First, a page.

Supplementary Material

Supplementary Data

Acknowledgments

We thank the editor, associate editor and two referees for helpful comments. The research was funded by NIH grants ES017876 and HD060696.

Appendix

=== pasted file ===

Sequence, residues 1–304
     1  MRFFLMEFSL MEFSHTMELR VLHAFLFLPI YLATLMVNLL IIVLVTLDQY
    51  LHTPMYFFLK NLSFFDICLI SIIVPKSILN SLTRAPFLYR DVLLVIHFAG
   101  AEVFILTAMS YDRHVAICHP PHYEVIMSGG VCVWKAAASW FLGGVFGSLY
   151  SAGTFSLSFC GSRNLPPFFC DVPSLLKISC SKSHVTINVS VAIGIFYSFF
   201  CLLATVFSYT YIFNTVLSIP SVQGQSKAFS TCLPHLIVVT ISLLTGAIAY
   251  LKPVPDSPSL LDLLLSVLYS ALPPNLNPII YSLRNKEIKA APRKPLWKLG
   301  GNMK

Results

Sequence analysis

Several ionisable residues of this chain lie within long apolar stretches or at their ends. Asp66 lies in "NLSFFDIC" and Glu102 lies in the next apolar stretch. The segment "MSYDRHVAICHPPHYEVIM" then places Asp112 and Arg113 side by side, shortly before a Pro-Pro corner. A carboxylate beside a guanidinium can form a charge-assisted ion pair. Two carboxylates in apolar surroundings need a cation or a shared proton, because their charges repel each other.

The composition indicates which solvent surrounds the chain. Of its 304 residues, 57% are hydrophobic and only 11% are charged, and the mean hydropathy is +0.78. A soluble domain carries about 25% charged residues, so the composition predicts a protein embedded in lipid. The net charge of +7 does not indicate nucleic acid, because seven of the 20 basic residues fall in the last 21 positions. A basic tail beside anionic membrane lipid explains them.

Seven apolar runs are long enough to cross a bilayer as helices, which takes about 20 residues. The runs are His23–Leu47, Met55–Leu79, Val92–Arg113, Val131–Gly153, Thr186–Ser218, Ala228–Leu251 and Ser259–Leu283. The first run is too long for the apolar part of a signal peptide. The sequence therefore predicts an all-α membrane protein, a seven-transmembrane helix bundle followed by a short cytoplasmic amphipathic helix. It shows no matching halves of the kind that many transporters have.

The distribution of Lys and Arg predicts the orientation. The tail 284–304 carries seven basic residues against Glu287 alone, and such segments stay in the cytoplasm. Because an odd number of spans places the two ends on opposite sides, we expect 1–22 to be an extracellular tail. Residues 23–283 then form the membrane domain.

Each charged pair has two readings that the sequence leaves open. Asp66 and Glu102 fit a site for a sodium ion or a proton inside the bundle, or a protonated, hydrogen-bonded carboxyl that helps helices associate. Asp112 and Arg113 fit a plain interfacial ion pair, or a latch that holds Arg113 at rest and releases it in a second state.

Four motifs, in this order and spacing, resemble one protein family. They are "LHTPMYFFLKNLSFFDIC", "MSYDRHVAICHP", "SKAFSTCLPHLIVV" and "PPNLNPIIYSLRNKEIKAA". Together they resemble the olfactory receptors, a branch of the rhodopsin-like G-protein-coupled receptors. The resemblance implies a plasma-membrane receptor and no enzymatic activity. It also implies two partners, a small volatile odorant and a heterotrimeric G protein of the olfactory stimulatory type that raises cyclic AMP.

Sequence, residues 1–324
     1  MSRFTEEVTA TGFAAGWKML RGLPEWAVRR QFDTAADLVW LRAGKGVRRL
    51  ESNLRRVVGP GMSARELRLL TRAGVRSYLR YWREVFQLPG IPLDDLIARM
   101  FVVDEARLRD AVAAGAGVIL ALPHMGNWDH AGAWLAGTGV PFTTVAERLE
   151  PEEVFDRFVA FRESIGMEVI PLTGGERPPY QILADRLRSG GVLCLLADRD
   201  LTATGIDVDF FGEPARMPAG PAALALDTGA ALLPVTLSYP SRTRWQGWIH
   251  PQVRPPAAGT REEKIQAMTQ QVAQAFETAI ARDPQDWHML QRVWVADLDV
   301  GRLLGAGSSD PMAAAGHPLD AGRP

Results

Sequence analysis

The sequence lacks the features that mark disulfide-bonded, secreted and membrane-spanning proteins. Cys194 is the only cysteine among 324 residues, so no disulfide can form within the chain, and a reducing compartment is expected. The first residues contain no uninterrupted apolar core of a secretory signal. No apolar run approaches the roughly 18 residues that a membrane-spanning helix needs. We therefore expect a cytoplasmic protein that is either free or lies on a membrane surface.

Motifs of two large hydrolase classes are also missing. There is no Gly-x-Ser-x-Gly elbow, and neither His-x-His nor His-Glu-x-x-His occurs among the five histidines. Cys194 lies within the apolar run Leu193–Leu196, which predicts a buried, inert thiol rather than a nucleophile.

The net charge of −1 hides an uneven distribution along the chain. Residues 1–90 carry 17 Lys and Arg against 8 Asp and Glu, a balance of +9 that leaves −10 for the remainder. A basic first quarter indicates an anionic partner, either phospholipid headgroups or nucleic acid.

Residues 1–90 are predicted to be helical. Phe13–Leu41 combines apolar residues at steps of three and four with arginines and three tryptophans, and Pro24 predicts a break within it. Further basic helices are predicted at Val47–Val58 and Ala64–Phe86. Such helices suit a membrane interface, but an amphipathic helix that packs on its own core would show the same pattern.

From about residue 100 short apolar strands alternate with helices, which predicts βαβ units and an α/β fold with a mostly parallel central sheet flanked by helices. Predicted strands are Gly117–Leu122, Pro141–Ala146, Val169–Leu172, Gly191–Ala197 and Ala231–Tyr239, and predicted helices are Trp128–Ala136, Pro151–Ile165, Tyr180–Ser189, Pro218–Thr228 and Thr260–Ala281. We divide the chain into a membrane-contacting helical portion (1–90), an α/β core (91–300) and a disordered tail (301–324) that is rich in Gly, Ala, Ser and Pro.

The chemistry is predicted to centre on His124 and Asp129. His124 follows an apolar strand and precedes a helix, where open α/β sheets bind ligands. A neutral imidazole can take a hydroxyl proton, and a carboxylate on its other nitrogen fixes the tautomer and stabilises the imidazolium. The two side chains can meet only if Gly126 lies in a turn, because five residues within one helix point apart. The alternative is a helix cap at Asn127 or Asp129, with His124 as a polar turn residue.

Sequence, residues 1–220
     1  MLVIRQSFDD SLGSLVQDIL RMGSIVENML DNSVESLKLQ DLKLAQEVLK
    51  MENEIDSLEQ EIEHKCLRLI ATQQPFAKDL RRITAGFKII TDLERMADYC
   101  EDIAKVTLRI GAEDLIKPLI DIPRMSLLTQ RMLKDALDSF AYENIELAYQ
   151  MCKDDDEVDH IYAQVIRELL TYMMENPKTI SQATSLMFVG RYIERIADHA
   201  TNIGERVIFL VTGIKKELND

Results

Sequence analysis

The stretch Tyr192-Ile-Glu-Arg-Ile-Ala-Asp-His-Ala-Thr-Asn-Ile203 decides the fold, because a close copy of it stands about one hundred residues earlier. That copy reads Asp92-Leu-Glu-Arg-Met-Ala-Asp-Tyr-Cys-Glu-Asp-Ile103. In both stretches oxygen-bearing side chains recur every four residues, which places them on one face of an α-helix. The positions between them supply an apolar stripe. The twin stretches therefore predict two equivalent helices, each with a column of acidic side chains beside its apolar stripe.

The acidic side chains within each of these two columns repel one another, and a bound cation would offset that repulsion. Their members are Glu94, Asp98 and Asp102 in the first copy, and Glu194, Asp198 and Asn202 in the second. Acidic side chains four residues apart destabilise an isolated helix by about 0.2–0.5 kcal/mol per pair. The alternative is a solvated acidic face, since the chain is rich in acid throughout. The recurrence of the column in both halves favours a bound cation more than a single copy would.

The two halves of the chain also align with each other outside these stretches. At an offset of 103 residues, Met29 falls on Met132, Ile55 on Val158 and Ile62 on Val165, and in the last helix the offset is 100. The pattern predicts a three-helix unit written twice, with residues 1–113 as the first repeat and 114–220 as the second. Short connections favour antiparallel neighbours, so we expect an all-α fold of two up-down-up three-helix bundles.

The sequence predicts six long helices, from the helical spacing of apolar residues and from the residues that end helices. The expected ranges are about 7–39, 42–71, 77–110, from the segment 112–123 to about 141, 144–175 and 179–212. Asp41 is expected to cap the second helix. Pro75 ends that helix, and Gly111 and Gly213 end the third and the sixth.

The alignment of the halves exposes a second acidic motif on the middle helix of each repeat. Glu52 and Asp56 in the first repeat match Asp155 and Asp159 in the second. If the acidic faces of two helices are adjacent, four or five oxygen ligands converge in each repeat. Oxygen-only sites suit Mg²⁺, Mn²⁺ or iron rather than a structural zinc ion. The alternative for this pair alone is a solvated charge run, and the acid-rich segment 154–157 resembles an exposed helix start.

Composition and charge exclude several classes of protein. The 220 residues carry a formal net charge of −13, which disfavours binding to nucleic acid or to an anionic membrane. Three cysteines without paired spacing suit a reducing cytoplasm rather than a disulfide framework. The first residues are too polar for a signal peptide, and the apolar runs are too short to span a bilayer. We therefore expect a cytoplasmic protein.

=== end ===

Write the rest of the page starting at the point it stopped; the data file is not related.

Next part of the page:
We review definitions and results concerning causal directed acyclic graphs. A directed graph consists of a set of nodes and directed edges amongst nodes. A path is a sequence of distinct nodes connected by edges regardless of arrowhead direction; a directed path is a path which follows the edges in the direction indicated by the graph’s arrows. A directed acyclic graph is a directed graph such that there is no node with a sequence of directed edges back to itself. The nodes with directed edges into a node A are said to be the parents of A; the nodes into which there are directed edges from A are said to be the children of A. We say that node A is ancestor of node B if there is a directed path from A to B; if A is an ancestor of B then B is said to be a descendant of A. If X denotes a set of nodes then An(X) will denote the ancestors of X. A node is said to be a collider for a particular path if it is such that both the preceding and subsequent nodes on the path have directed edges going into that node. A path between two nodes, A and B, is said to be blocked given some set of nodes C if either there is a variable in C on the path that is not a collider for the path or if there is a collider on the path such that neither the collider itself nor any of its descendants are in C. For disjoint sets of nodes A, B and C, we say that A and B are d-separated given C if every path from any node in A to any node in B is blocked given C. Directed acyclic graphs are sometimes used as statistical models to encode independence relationships amongst variables represented by the nodes on the graph (Lauritzen, 1996). We will use the notation A [dbl vert, bar (under)] B|C to denote that A is conditionally independent of B given C. The variables corresponding to the nodes on a graph are said to satisfy the global Markov property for the directed acyclic graph if for any disjoint sets of nodes A, B, C we have that A [dbl vert, bar (under)] B|C whenever A and B are d-separated given C. The distribution of some set of variables V on the graph are said to be faithful to the graph if for all disjoint sets A, B, C of V we have that A [dbl vert, bar (under)] B|C only when A and B are d-separated given C.